Every time a customer checks out at Barnes & Noble, they are asked if they are a member of the B&N membership program.
If they are, they automatically receive 10 per cent off their purchase. If not, staff will offer them a membership and ask if they would like to join to receive the discount along with other benefits.
To prevent any hesitation, staff will quickly explain to customers that the membership is only $25 a year and that the 10 per cent benefit can be applied straight away.
Customers at this point start to calculate their immediate savings to evaluate whether they feel it is worth joining the program or not.
Staff will explain that the membership fee is actually quite easily recoverable. They will articulate that the program offers customers a 40 per cent discount on hardcover bestsellers and that the initial 10 per cent also applies to magazines as well as café items, plus free shipping online.
As the staff member begins to unveil all the program details, the offer starts to demonstrate more value, and the merit of the membership increases along with the likelihood of the customer signing up.
Since the rise of Amazon, book sales have become an extremely tough business. Every bookstore has seen its own struggle to keep up with the online giant undercutting prices.
No different to other book retailers, Barnes & Noble, the largest bookseller in the United States, has seen its fair share of business transformations in order to survive.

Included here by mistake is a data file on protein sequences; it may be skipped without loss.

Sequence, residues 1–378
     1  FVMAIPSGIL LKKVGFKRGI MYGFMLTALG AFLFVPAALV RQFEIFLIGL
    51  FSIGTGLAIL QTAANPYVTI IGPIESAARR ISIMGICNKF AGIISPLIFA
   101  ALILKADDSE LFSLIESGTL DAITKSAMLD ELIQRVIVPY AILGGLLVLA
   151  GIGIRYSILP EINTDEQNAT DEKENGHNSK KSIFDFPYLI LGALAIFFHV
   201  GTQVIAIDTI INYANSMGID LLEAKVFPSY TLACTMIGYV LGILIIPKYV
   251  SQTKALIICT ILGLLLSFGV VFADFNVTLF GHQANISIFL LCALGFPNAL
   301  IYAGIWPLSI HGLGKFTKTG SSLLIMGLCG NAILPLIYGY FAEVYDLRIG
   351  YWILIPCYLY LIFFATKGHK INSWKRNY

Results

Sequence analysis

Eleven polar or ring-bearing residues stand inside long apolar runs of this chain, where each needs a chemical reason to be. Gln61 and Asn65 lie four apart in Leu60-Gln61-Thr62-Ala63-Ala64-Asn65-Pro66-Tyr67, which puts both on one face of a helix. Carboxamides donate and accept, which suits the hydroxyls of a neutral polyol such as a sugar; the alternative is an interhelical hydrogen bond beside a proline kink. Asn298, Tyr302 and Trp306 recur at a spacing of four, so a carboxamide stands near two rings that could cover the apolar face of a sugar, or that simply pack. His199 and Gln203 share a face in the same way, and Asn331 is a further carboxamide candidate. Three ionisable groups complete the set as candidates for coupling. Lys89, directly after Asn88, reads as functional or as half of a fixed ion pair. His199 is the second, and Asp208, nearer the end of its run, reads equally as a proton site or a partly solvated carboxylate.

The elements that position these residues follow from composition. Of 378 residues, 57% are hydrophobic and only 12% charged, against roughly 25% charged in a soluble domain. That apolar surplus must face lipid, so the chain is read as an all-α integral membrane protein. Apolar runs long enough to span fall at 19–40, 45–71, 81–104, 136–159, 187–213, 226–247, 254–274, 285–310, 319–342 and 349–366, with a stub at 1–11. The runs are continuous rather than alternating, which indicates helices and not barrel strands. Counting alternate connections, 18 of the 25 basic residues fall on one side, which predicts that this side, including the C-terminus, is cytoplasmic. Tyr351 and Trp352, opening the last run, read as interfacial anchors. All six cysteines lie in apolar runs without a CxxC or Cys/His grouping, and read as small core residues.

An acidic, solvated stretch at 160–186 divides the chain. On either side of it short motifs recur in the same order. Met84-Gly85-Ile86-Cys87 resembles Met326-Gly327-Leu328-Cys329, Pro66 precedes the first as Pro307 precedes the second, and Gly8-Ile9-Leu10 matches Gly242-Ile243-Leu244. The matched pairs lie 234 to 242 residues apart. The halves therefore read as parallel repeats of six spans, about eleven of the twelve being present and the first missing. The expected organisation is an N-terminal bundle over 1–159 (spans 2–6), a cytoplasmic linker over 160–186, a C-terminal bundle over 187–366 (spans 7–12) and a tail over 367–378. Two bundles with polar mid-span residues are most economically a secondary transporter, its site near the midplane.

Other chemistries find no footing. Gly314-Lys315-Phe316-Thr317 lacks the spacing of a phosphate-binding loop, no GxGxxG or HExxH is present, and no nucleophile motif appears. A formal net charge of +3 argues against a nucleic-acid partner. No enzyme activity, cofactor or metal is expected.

Despite that, the Barnes & Noble membership program continues to be a key driver of engagement and sales, and staff continues to enthusiastically pitch the program to customers.
The company spends a good amount of time training new staff on the membership spiel and how they introduce the program to customers. Employees are critical to loyalty program success.
According to a company’s investor presentation, there are 6 million B&N members, who also spend twice as much per visit as regular customers and show a retention rate of over 70 per cent.
Barnes & Noble membership
Book lovers who become B&N members can immediately start to enjoy exclusive in-store and online offers including:
- 10% off on every item in-store, including magazines and cafe items
- 40% discount on hardcover bestselling books in store
- Online free shipping
- 20% discount coupons are often available online
- Early access to sales and events such as book releases and author presentations
- Birthday offers
- 10% discount on nook, B&N’s brand of tablets and e-readers
- And each bookstore often launches special promotions for their local members
How do paid memberships work?
A premium or paid loyalty program is where brands offer customers access to exclusive benefits or discounts for a one-time or recurring membership fee. Customers join because they want to enjoy those benefits. If they see the value, it helps them justify the fee whilst assessing if they can somehow earn it back.
For book lovers, spending $25 a year at Barnes & Noble would only take two to three visits, if not one. So, it is not that difficult to say yes to the membership.
Members will enjoy discounts and other benefits, but when done right, a paid loyalty program will elevate their overall experience with the brand by delivering individual high-value rewards as well as by drawing members into an exclusive community of like-minded people.
The benefit for the brand is that it generates additional revenue from membership sales. Brands gain access to member details when they sign up and open a direct channel for communications with their member base. This also facilitates engagement and a better brand experience whilst driving additional sales.